Well, that actually depends on the situation with your case. It’d definitely be better to have an attorney to work on the case with you, to build the case, in order to establish all the different factors that would contribute to establishing the value of your case. For example, you’d have to show, in showing your injuries, what your physical injuries were, through your medical records, through your medical bills. You’d show the amount that you had to pay for medical treatment. It would be important how long you had treatment, whether it was for two weeks or two years, whether you needed surgery or just some sort of pain pills for a short amount of time. You would need to show that you had pain and suffering, and prove that.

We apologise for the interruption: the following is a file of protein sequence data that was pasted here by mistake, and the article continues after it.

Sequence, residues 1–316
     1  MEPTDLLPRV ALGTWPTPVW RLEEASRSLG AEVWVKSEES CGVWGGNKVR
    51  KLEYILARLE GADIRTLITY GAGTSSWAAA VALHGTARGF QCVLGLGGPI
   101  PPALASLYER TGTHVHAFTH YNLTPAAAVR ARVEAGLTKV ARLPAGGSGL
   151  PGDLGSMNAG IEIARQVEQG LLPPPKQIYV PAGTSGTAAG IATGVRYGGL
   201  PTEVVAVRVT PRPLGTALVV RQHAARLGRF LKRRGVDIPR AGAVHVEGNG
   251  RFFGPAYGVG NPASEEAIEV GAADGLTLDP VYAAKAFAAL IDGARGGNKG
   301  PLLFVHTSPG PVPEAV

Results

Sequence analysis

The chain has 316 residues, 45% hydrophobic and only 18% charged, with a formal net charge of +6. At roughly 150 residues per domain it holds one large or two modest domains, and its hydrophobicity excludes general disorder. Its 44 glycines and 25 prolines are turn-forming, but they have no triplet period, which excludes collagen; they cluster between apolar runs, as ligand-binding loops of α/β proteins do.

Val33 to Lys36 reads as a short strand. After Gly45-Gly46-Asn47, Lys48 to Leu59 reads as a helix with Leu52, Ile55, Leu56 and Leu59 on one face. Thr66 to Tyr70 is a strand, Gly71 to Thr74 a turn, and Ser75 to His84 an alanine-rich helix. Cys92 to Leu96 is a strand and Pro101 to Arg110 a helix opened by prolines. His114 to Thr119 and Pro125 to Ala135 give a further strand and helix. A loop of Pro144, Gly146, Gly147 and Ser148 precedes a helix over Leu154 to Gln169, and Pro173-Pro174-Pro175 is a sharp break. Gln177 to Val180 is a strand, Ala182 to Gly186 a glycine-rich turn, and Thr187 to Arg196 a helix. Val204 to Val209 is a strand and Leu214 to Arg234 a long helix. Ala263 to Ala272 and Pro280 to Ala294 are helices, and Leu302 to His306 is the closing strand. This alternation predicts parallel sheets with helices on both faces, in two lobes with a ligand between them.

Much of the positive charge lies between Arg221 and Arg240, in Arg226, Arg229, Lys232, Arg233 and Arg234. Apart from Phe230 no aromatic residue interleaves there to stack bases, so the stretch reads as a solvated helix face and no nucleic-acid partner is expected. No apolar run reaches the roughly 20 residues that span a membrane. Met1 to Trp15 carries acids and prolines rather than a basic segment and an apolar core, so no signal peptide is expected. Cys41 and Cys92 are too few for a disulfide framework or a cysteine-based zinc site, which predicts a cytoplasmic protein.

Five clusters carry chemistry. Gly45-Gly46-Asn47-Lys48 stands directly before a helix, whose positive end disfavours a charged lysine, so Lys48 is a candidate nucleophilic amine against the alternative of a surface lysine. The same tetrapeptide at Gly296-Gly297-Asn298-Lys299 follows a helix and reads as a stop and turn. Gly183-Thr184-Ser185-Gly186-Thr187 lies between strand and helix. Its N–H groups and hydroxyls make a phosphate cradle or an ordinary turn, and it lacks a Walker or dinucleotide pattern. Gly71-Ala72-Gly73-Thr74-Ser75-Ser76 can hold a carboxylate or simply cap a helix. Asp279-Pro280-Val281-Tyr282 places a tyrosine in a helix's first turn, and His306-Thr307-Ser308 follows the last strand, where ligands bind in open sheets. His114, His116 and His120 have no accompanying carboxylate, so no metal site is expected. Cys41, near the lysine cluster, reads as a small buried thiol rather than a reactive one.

Loss of capacity to earn a living, where you can’t work the same as you did previously because of your injuries. Loss of enjoyment of life because you can’t do the things you enjoyed previously, such as exercising, whether you like to do dancing, or aerobics, or hiking. Loss of consortium, whether your family relationships … you have issues because you can’t do things you enjoyed before, whether it’s between yourself and your spouse, yourself and your children. Maybe you like to go play games with them, and you can’t do that, because physically, the injuries prevent you from doing that. So you’d have to establish what all of the different injuries and inhibitions you have now are, and what they’re all worth, and prove the total amount that you’re trying to receive compensation for. So definitely to do this, you’d need an attorney to help you who has the appropriate experience.